The spring thaw has arrived and you can finally do your long runs outside instead of on the dreaded treadmill. Set yourself up for an injury-free running season by taking some time to evaluate your running form. Take it slow and try these tips one at a time. When one adjustment starts to feel natural, move on to the next. Happy running!
1. Relax and stay as loose as possible.
Don't hold your muscles tight or use excess force while running. Doing so will sap your energy and create unnecessary tension in your body. Practice jogging very slowly at first and keeping your whole body as relaxed and loose as you can.
2. Lean forward and let gravity move you.
Instead of reaching forward with your legs, bring your center of gravity slightly forward so that your legs have to keep moving to keep up. This helps to prevent heel-striking and makes running feel easier. If you want to go faster, lean forward more.
3. Take shorter, more frequent strides.
Taking shorter strides also prevents heel-striking and makes running easier. If you take shorter strides, your legs won't have to reach and pull your whole body forward. Instead, your legs will stay underneath you and do a lot less work.
4. Don't heel-strike.
Landing on your heels sends a great deal of force right into your knees while they're in a fairly straight position (the cause of many runners' knee pain). If you take shorter strides and bring your center of gravity forward, you will most likely automatically land on the middle of your feet. Another way to discourage yourself from heel-striking is to invest in a running shoe with a thin, flexible sole.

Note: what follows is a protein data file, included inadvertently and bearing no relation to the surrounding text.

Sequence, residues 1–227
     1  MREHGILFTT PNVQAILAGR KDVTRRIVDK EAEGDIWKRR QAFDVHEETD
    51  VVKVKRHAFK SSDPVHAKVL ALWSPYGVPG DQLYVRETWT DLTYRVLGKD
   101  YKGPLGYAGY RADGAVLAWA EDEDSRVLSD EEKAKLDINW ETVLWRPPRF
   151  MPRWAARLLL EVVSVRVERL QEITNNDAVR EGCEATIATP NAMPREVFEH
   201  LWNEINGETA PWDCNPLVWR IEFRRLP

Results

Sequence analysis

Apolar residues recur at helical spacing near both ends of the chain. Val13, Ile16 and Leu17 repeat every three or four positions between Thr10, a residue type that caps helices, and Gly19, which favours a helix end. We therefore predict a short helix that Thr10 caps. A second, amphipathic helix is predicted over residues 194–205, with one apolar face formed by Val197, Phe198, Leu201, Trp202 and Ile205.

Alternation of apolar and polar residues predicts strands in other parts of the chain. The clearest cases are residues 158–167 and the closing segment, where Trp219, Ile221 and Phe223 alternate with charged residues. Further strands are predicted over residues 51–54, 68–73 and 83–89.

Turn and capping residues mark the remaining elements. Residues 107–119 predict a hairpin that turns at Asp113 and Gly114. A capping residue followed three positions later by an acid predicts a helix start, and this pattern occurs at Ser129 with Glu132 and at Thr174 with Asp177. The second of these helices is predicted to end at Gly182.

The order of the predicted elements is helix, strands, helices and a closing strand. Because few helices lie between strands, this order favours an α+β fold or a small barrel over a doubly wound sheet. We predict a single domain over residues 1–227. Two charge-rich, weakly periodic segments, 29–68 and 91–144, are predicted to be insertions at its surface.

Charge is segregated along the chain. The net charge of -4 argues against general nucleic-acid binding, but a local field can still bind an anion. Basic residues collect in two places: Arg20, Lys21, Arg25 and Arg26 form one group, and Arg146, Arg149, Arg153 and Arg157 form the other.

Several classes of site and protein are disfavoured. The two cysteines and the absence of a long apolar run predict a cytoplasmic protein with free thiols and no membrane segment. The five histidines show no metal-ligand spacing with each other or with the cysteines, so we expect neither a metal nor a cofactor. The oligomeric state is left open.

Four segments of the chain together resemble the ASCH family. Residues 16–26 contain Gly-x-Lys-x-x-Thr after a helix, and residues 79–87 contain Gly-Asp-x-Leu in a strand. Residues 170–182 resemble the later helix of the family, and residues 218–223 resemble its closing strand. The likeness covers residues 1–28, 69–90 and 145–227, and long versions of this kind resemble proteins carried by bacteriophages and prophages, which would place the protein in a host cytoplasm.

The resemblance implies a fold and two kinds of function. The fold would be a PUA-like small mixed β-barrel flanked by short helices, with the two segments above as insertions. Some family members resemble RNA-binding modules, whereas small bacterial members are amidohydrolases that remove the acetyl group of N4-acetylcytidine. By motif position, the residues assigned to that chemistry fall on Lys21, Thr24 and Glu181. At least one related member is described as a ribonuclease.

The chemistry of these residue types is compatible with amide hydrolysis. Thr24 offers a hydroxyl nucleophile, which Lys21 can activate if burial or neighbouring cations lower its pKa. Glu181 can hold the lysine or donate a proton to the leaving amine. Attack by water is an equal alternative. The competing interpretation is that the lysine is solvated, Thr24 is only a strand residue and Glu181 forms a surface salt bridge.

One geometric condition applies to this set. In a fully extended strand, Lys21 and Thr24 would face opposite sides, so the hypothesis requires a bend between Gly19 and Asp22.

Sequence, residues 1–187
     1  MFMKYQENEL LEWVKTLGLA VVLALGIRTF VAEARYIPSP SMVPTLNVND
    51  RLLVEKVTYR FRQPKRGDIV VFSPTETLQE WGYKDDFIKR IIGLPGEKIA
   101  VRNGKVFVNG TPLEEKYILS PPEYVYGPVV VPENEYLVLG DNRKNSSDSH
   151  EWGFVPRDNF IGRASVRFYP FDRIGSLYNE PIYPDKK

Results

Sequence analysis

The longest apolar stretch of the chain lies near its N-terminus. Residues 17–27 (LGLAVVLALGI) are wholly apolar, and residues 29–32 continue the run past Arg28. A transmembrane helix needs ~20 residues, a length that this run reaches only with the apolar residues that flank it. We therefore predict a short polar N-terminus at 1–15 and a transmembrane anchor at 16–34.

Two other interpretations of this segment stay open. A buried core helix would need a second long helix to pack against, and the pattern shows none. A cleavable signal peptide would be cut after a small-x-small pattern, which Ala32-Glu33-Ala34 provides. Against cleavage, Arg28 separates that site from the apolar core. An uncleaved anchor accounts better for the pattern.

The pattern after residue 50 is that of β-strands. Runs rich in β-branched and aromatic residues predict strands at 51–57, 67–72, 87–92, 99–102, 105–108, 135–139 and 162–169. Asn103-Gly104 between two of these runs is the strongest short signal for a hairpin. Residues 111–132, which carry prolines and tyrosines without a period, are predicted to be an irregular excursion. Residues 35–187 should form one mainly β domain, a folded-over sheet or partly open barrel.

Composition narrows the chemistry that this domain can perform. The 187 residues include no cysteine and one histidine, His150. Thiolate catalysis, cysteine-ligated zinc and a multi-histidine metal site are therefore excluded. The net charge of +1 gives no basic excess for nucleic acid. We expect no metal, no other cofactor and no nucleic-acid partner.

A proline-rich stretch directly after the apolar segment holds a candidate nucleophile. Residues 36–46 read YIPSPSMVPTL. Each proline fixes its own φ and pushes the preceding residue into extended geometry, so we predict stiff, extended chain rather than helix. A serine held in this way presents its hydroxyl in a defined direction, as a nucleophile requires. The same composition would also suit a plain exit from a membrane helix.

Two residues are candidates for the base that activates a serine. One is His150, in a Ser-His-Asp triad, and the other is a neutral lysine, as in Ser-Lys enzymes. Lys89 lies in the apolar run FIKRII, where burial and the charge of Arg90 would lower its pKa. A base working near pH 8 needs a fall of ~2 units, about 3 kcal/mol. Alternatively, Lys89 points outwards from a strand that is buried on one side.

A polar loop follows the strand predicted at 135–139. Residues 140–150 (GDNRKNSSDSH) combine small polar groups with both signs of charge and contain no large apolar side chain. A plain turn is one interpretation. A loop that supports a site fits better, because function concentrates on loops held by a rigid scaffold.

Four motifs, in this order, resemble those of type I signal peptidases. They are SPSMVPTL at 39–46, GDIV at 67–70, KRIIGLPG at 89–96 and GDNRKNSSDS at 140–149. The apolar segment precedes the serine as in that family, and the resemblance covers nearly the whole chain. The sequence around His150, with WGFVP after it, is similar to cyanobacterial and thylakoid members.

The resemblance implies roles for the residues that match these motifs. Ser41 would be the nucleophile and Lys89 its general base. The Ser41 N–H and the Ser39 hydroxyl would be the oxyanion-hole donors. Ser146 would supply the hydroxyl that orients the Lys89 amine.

5. Make sure your knees and feet are pointing straight ahead.
Every once in a while, look down while you're running to check your form. Are both knees and feet pointing straight ahead? If you see any inward or outward rotation, there's a good chance that rotation could cause knee or ankle pain at some point. Slow down your pace and adjust your stride so your knees and feet are pointing and moving straight ahead.
6. Notice the differences between your right and left sides.
We tend to use the sides of our bodies differently, mainly because we're either right- or left-handed. If you're running long distances, the way you use the sides of your body may lead to hip, knee or ankle pain on just one side. While running, notice how you're holding and moving your right and left sides differently. Then try to even yourself out and move symmetrically. It will feel weird at first, but adjusting your form to be more symmetrical will go a long way toward preventing injuries.
7. Listen to your body.
Pain is your body's signal to your brain that something is wrong. Don't ignore it! If you feel even the slightest bit of pain while you're running, experiment with correcting your stride and letting go of unnecessary tension. Can you adjust your form so that the pain goes away? The more you pay attention to what you're feeling as you move, the more adept you will become at making subtle changes and learning how to run without pain.
Photo by Robert Randall